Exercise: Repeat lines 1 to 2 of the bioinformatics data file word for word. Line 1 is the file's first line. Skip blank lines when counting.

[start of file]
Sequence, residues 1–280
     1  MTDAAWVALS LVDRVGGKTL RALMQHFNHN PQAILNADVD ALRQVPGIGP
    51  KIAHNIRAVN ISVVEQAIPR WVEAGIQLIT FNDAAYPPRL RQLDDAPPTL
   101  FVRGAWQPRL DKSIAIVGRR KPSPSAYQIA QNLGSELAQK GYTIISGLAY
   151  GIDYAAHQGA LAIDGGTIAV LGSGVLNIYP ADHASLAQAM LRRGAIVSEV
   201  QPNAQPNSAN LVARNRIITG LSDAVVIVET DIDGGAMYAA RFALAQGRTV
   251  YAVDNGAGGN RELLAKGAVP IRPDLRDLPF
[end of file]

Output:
Sequence, residues 1–280
     1  MTDAAWVALS LVDRVGGKTL RALMQHFNHN PQAILNADVD ALRQVPGIGP